On the other hand, great stories and characters can support mediocre effects, and mediocre sound, and mediocre cinematography. That's not to say that good storytelling is necessarily a panacea for bad technical filmmaking, but when the core story elements are in place, you're far less likely to be hearing audiences resent the production elements that weren't particularly strong.

Here's the exciting part of this whole thing. Even though CGI has already helped filmmakers create some marvelous films that never would have been possible without that technology, I don't think that we have fully realized the potential for CGI yet. It's still a wide open frontier, one that continues to expand as our computers get more powerful and our software tools improve. And if that alone doesn't get you excited about the future of CGI, then just consider the stories that the new technology will enable us to tell.

What do you guys think? Has computer generated imagery been unfairly demonized, or do you agree that CGI isn't a beneficial tool for filmmakers and film fans? Let us know down in the comments!     

Your Comment

34 Comments

Thank you! I have never hated CGI, or blamed its use for terrible blockbuster movies - in fact, I've always been fascinated by it and have been experimenting with it a lot over the past 10 years.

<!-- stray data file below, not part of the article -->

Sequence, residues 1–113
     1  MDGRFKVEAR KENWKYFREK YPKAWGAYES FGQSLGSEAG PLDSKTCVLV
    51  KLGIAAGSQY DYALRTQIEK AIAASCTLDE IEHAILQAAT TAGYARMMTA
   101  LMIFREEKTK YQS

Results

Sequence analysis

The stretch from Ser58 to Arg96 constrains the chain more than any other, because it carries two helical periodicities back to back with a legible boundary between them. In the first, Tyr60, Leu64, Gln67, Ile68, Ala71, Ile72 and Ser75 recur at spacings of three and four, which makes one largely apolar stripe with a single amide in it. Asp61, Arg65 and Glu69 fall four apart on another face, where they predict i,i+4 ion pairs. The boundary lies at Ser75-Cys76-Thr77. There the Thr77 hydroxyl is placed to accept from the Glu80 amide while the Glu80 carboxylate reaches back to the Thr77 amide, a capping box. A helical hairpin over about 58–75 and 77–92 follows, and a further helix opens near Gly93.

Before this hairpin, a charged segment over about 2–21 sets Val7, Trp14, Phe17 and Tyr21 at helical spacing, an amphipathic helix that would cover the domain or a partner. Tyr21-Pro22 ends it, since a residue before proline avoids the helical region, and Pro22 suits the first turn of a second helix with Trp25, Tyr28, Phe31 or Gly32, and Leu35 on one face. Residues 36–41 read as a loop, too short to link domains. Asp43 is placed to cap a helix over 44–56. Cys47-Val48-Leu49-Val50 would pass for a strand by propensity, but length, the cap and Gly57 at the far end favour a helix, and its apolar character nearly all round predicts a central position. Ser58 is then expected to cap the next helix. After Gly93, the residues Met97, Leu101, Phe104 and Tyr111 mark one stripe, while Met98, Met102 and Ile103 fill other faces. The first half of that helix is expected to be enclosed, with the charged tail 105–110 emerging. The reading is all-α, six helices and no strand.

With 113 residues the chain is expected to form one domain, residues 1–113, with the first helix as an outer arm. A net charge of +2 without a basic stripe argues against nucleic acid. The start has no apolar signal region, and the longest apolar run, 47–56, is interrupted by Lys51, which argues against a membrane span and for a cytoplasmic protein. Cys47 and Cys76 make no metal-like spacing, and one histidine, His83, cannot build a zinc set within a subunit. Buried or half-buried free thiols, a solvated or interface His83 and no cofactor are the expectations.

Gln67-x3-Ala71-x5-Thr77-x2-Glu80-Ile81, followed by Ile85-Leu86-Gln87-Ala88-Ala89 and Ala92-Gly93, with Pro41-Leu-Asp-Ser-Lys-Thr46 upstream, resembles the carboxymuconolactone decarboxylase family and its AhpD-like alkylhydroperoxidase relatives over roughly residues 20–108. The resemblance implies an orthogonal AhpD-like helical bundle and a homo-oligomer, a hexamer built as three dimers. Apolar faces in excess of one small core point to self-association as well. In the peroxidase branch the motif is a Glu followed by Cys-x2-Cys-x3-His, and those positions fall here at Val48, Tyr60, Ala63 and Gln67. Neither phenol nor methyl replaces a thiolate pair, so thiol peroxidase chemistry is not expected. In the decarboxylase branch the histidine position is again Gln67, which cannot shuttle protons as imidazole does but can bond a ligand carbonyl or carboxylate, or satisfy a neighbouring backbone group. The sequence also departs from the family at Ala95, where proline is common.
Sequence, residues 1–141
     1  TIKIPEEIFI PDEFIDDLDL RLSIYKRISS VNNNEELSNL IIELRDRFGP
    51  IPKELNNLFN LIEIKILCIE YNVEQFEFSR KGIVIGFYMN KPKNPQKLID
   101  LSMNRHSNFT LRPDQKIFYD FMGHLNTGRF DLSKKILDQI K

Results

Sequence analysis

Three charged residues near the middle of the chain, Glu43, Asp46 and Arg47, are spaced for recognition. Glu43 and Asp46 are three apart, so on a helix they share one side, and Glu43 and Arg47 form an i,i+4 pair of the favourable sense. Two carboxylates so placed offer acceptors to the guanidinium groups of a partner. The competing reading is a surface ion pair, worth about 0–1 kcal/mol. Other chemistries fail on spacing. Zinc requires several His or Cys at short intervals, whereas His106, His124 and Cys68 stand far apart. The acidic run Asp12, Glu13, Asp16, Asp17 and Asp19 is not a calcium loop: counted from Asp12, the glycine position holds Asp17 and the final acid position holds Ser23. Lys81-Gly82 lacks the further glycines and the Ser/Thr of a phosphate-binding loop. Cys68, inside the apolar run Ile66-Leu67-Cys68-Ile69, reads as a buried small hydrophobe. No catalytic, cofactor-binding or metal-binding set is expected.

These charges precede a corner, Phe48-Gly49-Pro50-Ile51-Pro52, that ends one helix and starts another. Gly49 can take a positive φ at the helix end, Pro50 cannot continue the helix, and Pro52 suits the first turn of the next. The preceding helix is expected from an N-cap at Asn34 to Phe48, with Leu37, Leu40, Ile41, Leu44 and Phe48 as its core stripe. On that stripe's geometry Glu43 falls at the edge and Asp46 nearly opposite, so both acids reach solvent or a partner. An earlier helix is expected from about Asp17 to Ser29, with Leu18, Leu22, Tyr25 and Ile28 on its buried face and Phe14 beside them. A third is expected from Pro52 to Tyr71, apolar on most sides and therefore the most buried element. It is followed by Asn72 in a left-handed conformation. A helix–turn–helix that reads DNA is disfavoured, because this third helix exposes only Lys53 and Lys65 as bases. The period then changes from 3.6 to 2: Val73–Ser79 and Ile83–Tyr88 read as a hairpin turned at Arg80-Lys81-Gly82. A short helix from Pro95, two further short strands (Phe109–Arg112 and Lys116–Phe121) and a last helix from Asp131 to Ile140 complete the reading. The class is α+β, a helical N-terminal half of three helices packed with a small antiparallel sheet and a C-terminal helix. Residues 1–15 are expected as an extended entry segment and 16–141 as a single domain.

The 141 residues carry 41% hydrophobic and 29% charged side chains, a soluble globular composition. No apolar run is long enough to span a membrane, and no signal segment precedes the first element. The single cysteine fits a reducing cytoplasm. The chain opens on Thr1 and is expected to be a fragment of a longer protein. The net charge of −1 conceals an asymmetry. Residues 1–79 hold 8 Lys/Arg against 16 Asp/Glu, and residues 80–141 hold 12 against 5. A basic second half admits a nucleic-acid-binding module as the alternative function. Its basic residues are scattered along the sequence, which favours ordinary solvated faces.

Whenever someone makes the "CGI makes movies bad" argument, I ask them if they've seen Argo. Argo's not my favorite film, but I think it was a good one. I didn't know until after I'd watched it that the exterior shots of the plane in the film are basically all CG, as well as any Iran city imagery.

I wish more people would read this article than watch this awful, awful video blaming CGI for bad movies:
https://www.youtube.com/watch?v=Iz6UTYzAwi4

August 4, 2015 at 11:11PM, Edited August 4, 11:12PM

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Christian Druitt
Director/Cinematographer/Composer
153

I won't attack GGI across the board, but one benefit of practical effects is that the result obeys the same laws of physics that audiences know from real life. In Argo, I recall the airplane chase looking phony and stupid, so in that instance yes, CGI failed.

August 5, 2015 at 8:34AM

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That's a good point. I didn't notice that personally, but CGI starts from a theoretical foundation instead of a physical one in terms of the way materials interact, motion and physics, lighting, etc. It's hard to get it just right, so I think the artists that do get it right deserve credit for their work. (I say this because I've seen a lot of people with the opinion that CG work isn't as respectable as practical/special effects, as if it's easier and a "magic machine" does all the work automatically.)

I think with practical effects, short of using an actual plane (which would be feasible in some cases, in other cases, not), CG might be a better option than, say, models or other practical methods.

My viewpoint is that CGI/VFX and practical/special effects both have their uses, benefits, and limitations - so a good film will use the right tools to tell a good story, with either method. Perhaps too much confidence is placed in flashy CGI in a lot of films, but I would still disagree with the "CGI makes movies today terrible" assertion, which I see all too often.